Unfair Dismissal

Deciding whether a Dismissal is Fair

If your employment has been terminated by your employer and you believe your employer acted unfairly in ending your employment you may be able to make a claim for unfair dismissal.  In order to make a complaint to an employment tribunal alleging unfair dismissal then you will normally need to have at least one year of qualifying employment.

If your employer intends to argue the dismissal was fair he will need to pass two stages.  He will first need to show a fair reason for the dismissal.  The employer will then need to demonstrate the dismissal was reasonable.

Stage 1: A Fair Reason

For a reason to be fair it must be within of the following:

  • Capability
  • Conduct
  • Redundancy
  • Retirement
  • A Statutory Bar
  • Other Substantial Reason

Stage 2: Reasonableness

The next hurdle the employer will need to pass in order to show the dismissal was fair.  When deciding whether a dismissal was fair the following points should be considered:

  • Proper Procedure
  • Appropriateness – was dismissal an appropriate sanction
  • Consistency
  • Mitigating Factors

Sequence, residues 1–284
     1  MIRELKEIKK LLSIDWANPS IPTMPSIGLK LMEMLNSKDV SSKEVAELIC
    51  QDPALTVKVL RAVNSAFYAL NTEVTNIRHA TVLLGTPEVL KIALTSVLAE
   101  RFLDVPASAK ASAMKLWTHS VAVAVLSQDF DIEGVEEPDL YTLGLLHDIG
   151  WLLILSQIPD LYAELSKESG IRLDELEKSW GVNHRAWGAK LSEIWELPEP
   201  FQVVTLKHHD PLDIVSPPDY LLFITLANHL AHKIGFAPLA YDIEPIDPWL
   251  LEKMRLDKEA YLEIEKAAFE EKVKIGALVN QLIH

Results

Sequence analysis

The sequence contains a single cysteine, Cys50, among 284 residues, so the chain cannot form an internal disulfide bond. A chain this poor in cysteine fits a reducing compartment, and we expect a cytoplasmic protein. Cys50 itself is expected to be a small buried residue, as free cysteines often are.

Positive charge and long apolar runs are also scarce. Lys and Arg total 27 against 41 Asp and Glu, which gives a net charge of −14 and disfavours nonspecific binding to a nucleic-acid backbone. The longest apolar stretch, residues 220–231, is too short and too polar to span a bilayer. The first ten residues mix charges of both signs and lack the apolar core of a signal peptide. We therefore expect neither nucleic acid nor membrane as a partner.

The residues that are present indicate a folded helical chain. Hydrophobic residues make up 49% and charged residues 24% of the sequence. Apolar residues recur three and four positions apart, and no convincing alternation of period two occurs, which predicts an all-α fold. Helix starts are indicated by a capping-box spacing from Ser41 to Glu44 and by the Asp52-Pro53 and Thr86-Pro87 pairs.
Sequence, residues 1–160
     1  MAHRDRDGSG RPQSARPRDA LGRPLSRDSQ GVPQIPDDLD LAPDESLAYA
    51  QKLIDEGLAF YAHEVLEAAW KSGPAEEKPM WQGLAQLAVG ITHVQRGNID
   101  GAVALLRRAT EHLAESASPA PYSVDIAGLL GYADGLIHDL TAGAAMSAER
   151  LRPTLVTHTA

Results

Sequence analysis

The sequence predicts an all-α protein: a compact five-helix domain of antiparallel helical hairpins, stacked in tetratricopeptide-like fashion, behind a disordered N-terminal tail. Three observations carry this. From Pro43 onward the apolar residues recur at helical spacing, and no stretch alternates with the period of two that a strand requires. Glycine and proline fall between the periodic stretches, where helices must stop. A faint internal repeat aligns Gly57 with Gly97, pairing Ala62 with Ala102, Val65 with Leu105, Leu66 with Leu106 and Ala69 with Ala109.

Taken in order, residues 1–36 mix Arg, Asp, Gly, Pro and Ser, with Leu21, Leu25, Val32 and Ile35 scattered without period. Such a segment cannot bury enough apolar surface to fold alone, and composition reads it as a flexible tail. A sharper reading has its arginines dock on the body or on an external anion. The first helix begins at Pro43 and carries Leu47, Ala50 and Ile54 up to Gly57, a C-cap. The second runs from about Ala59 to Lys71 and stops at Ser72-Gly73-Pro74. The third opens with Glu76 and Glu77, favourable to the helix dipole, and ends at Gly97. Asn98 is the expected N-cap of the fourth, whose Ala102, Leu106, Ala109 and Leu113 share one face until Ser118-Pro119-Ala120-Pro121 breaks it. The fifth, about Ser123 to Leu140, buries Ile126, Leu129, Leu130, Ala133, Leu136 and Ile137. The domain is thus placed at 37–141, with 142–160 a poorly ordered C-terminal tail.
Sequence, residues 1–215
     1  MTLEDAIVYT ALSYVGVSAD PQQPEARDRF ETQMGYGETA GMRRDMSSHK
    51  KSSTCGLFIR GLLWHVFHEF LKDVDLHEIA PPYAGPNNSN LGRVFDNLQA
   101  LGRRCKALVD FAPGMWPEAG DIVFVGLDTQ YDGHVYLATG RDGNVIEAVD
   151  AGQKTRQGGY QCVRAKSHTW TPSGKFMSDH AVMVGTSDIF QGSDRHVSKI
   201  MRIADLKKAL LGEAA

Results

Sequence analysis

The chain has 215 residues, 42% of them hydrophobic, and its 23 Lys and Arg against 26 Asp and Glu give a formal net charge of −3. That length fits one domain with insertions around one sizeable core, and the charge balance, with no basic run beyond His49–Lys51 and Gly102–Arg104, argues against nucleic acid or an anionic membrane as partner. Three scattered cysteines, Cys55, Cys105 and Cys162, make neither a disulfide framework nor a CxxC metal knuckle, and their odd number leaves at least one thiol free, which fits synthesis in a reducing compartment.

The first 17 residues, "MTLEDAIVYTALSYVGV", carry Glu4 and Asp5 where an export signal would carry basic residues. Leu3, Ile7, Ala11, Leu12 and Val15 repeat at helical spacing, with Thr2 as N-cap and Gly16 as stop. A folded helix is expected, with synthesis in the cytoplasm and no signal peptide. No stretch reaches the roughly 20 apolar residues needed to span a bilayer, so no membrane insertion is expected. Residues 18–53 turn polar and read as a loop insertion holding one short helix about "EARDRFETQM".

• Band of Reasonable Responses – would a reasonable employer have dismissed

Automatically Unfair Dismissals

Some dismissals are not subject to the two stage test because they are automatically deemed unfair once the reason has been established.  They include:

  • Trade union membership or non membership
  • Trade union activity
  • Pregnancy or childbirth
  • Assertion of statutory rights
  • Redundancy when selection is made on one of the above grounds
  • Whistle blowing

Unfair Dismissal Remedies

  • Reinstatement and reengagement orders.  (This is a possible outcome if a claim is successful but compensation is the typical outcome
  • Compromise Agreement
  • Compensation – basic award, compensatory award, or additional award

Basic Award

This is the same as the statutory redundancy payment.  It depends on the age of the claimant.

Age range

No. of weeks gross pay per year of employment

Under 22


22 – 41


Over 41


The maximum number of years is twenty and the maximum award from 1st February 2009 is £10,500.  This is reviewed annually and normally increased from 1st February.

Compensatory Award

This is in addition to, not instead of, the basic award.  The amount depends on the actual and predicted loss.  The claimant must minimise their losses.  The maximum award from 1st February 2009 is £66,200.

  • Where a party has shown an unreasonable failure to follow the ACAS Code of Practice on Disciplinary and Grievance Procedures the tribunal has the power to increase or decrease the compensation awarded by 25%.